Looking Forward to French Trip
Sports - Reuters
By Gennady Fyodorov
MOSCOW (Reuters) - Marat Safin says he is looking forward to
facing France in the Davis Cup final in Paris or Marseille because
there is far too much pressure on him when he plays at home.
"It is just too much," the Russian number one said
after he clinched the semi-final tie against Argentina by beating
David Nalbandian in the first reverse singles match on Sunday.
Safin overpowered the Wimbledon finalist 7-6 6-7 6-0 6-3 in
front of a noisy home crowd at Moscow's Luzhniki Sports Palace
to give Russia an unassailable 3-1 lead in the three-day tie.
But he found the encounter stressful. "It's just too difficult
for me to play at home," said the 22-year-old Muscovite.
"I have so many friends here and everyone expects you to
win. They won't settle for anything less than that."
Safin was the hero of the weekend, winning both his singles
matches and partnering Yevgeny Kafelnikov in the longest doubles
match in Davis Cup history on Saturday.
The Russians eventually lost to Lukas Arnold and Nalbandian
after a marathon lasting six hours and 20 minutes to set up
the decisive match in which Safin had to battle his opponent,
fatigue and the expectations of the home fans, including former
President Boris Yeltsin.
"Please, don't get me wrong," the former U.S. Open
champion pleaded with the Russian media after the match.
"It's not that I don't want to play here, in front of the
home crowd. It's just the pressure that I can to do without."
Such pressure troubles Safin so much that last year he angrily
vowed never to play in Russia again after he was booed off the
court following his loss to the unseeded Slovak Dominik Hrbaty
in the second round of the Kremlin Cup in Moscow.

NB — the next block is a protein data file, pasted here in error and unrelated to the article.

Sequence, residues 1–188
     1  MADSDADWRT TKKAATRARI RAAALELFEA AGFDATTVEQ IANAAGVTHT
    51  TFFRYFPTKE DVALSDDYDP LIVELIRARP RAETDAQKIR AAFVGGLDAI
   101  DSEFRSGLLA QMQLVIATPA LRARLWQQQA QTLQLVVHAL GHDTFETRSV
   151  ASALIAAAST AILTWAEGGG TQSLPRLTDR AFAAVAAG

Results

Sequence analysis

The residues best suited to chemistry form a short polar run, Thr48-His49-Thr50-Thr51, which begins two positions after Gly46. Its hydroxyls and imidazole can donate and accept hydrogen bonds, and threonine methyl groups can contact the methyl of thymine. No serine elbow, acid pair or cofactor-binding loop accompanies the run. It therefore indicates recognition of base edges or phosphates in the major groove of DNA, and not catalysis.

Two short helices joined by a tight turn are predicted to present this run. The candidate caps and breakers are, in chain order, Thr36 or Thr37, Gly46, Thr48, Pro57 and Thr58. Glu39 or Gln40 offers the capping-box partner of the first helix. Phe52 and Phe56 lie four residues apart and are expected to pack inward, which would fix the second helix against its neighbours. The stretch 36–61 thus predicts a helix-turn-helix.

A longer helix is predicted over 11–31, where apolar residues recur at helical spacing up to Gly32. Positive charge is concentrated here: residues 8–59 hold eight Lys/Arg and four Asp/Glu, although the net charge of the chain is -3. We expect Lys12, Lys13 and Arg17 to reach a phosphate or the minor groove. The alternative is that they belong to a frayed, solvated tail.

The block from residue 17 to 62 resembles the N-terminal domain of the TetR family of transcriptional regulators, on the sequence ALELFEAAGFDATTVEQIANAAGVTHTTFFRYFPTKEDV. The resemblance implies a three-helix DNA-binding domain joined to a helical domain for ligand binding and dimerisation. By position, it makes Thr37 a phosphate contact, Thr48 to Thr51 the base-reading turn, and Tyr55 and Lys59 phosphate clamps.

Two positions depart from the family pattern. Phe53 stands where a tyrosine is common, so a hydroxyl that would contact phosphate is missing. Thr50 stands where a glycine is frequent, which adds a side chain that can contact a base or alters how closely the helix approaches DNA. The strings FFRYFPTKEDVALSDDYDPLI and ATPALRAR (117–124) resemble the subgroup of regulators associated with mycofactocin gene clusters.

"I have never been so humiliated in my whole life,"
the temperamental Russian said at the time. "It was a terrible
feeling to hear the fans whistle and boo me on the court.
"I didn't throw the match on purpose, I was trying my best,
chasing every ball, fighting for every point. I have had enough,"
"I wanted to quit right there. I couldn't bear to hear
them shouting insults at me. I just couldn't take it any longer."
Aside from the home-town expectations, Safin also has to deal
with pressure from his Davis Cup team mate.
Kafelnikov, who has said on numerous occasions that he will
retire at the end of the year, desperately wants to bring Russia
their first Davis Cup title.
"He keeps telling me all the time: 'I want to retire, I
want to quit, let's go and win it this year'," Safin said.
"Of course, I want to win it for him but it gives you so
much extra pressure that can harm you at the last minute."
Safin said the French team were heavy favorites to retain their
Davis Cup title in the final, to be played in Paris or Marseille
from November 29 to December 1.
"I know how strong the French team is, especially on their
home court," he said. "They have so many great players,
so many weapons, they can play on all surfaces, hard, soft,
they can play on clay or really fast surfaces, they can even
play on grass."
"They will also have huge support from the home crowd,"
he added. "But it's easier to overcome because you know
it in advance, you expect the French crowd to cheer against
you. It's much tougher to have the home crowd turning against
Twice in the mid-1990s, Russia reached the Davis Cup final only
to lose both times on home turf in Moscow, first to Sweden in
1994 and the following year to the United States.
Partly because of that, Safin said, he was looking forward to
playing the French away from home.
"Of course, it would have been easier for us to play them
here in Moscow but because of all this pressure I would rather
face them in Paris, Marseille, anywhere," he said.
"And you can count on me to give it my best. It will be
awfully difficult for us to win but we'll give it a try."